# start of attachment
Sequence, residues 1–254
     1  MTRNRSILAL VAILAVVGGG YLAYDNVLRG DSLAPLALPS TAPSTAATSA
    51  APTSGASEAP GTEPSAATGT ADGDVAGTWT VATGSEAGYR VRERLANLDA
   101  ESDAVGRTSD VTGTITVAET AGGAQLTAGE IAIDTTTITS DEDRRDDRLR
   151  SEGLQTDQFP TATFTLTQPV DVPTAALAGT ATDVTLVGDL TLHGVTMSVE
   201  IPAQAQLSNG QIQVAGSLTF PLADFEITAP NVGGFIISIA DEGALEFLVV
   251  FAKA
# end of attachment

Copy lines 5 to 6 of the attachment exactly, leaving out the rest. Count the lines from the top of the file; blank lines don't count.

   151  SEGLQTDQFP TATFTLTQPV DVPTAALAGT ATDVTLVGDL TLHGVTMSVE
   201  IPAQAQLSNG QIQVAGSLTF PLADFEITAP NVGGFIISIA DEGALEFLVV